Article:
The Hobo Poop Situation

Last week was not the most delightful of my time in New York so far. I had the flu and one meeellion things to do, so I was basically hunched over my computer most of the week, in bed, feeling alternately like I was stuck in a freezer or roasting over coals, and perhaps, as I’ve mentioned, I also had a not-so-great attitude.

However, Friday was the kicker, because when I stepped outside of my apartment in the morning, a horrid smell assaulted my nostrils. It was shit, not to put too fine a point on it, and not that of a healthy person who eats their greens and drinks tea and meditates, either. It was sick people shit, which I think we can agree is the very worst kind.

I made my way cautiously down the stairs, the smell getting worse and worse with each step. I kept checking my shoes, peering into corners, trying my best to beware, but the trouble with bad smells is that you feel like they’re getting at you anyway, even if you don’t step in their source. It’s like they’re creeping into your pores, and also, like you’re eating them.

When I got to the bottom of the stairs, I discovered the source of the problem. Some stank-ass hobo (tm the Mouse) had let himself (or herself, I suppose) into my front hall, via the broken front door, and taken a copious, corn-filled dump all over the tile. They then removed their shirt, wiped their hiney, and left it, like a filthy flag, in a crumpled heap beside the poo. Oh, and also? When they left? This person dragged the front door through their crap, leaving a FAN OF EXCREMENT behind them. I don’t like to shout, but you’ll have to forgive me, because it was really almost more than I could stand. I nearly turned around and went back upstairs, but I couldn’t imagine calling my boss and telling her that I would have to work from home today, because of the hobo poop situation. Some people find that unprofessional, go figure.

It took me a full two and a half minutes to get around the poo and out my front door. This involved balletic leaps and leans and sidles, and a lot of barely suppressed retching. When I got outside, I checked my shoes and cuffs and pant-legs for crap, and found everything clean, but I still felt vaguely soiled for the rest of the day.

Now that, ladies and gents, is how you finish a crappy week. Ta-da!

Published by Jen Hubley Luckwaldt

I'm a freelance writer and editor.

10 thoughts on “The Hobo Poop Situation

  1. Thank god you didn’t slip in the middle of trying to turn a ballonné into a ballotté, that’s all I can say.

    “and also, like you’re eating them.” Best. Quote. Ever.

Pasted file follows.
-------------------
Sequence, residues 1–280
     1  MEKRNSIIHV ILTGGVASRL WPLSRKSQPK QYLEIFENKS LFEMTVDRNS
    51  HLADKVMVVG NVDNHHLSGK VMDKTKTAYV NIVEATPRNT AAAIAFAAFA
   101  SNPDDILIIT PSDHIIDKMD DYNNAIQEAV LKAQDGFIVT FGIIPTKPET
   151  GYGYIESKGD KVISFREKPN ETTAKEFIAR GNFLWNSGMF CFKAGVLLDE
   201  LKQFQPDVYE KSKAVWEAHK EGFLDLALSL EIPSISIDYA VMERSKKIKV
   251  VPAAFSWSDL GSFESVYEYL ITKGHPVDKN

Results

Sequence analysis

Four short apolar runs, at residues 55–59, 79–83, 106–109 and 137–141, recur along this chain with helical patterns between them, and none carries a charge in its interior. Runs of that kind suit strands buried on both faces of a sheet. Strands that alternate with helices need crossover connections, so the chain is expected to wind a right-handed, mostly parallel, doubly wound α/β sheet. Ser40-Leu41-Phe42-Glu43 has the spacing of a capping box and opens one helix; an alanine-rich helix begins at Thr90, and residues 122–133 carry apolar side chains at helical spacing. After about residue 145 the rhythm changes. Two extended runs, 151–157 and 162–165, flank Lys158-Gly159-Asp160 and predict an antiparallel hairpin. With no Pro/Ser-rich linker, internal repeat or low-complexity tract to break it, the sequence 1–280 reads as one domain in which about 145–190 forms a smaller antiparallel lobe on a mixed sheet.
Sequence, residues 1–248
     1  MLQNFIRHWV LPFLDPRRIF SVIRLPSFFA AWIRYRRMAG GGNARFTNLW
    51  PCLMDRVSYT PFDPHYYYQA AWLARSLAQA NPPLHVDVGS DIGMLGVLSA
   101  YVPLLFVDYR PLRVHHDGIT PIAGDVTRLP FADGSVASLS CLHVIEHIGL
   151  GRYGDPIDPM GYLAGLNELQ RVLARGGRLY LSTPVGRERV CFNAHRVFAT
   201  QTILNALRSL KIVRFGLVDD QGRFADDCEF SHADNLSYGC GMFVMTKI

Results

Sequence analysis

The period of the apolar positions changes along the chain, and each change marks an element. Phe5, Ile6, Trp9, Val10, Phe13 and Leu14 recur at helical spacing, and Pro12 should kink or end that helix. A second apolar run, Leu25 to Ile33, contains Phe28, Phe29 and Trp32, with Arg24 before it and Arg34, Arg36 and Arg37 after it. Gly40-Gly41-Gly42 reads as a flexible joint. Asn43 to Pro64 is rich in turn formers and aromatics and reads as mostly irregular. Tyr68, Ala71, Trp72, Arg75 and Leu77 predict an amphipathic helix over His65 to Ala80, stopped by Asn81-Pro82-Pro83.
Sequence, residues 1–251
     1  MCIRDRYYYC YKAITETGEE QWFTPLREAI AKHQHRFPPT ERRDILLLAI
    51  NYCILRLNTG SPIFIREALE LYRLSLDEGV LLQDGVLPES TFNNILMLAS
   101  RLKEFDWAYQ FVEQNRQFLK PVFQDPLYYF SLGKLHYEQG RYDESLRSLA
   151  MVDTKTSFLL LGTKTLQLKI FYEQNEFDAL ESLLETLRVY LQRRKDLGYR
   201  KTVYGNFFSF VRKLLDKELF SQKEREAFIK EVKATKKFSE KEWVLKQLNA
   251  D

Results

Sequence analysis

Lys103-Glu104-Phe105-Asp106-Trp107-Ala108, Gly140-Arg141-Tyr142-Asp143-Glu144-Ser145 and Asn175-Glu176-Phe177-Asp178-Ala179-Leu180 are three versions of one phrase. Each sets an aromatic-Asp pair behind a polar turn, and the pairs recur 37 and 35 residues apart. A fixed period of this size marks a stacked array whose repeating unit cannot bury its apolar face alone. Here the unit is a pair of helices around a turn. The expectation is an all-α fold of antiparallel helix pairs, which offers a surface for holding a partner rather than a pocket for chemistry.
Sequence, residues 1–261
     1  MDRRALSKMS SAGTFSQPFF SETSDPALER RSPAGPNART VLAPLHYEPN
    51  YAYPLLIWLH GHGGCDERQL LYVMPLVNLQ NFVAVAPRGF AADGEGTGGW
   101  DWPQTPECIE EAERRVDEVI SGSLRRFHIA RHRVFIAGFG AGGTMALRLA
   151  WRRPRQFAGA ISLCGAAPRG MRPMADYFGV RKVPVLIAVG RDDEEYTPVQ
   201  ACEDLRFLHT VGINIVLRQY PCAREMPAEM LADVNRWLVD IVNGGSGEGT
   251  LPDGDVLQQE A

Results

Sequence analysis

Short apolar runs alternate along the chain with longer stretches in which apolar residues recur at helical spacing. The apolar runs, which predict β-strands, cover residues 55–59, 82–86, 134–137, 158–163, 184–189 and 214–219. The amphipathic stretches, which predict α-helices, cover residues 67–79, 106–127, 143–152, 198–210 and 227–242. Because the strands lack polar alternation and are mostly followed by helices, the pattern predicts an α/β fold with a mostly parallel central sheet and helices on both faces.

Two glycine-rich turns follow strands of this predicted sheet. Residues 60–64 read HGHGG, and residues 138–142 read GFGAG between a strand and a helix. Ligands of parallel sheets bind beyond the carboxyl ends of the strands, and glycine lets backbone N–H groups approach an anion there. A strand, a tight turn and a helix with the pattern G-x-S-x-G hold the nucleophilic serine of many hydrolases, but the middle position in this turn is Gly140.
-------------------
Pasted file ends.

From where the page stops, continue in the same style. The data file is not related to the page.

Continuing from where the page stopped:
2. Can me and Stu use “Fan of Excrement” as the name of our band. That rocks. so. hard.

    Seriously. Think of the colours.

  3. god.all.mighty. Who do you get to clean up crap like that after you’ve discovered it? Is your land lord that nice?? Blech, and I thought shopping carts leaning against your door was a bad thing…..

  4. Hells yeah it’s the landlord’s job to clean up that mess. If he can’t fix the frigging outer door so that people can’t come in and shit all over the place, then he should at least be responsible for cleaning up said shit.

  5. When I had a store on Boylston St. in Boston, one of the street people used to make a cardboard house in the alley doorway out back. This was annoying, because the city required all deliveries be made from the alley, and sometimes things arrived before the 1 PM our squatter would vacate the premisis to hang out on the Common. Usually, truckers or UPS drivers would just pass us by, putting a delivery note in the mail saying things like, “YO mu-fuh kiddin’, sookarr, don has’le dis tooky (sic) no flop, sookarr.” My assistant manager translated this to me as, “delivery was refused.”

    So I had to drive to South Boston, or some uncultured land adjacent to our toney Back Bay address, and pick up my stuff from the depot.

    Bad enough. But one day some hooligan driver from Maine simply tore down the cardboard house, pulling it down into the alley and drove his straight truck over it, smushing our squatter’s elegant salon into puddles of reconstituted pulp.

    Sometime later that night, expressing his chagrin for this rude reawakening to the homeless status, our squatter did just that: squatted on the ancient granite threshold, loosing what only a junkie’s decending colon could manufacture.

    It’s been more than 25 years, but every time I walk the block of Boylston South of Arlington, I swear I can still smell it.

    My condolances, pookie, such a memory is lastingly shitty.

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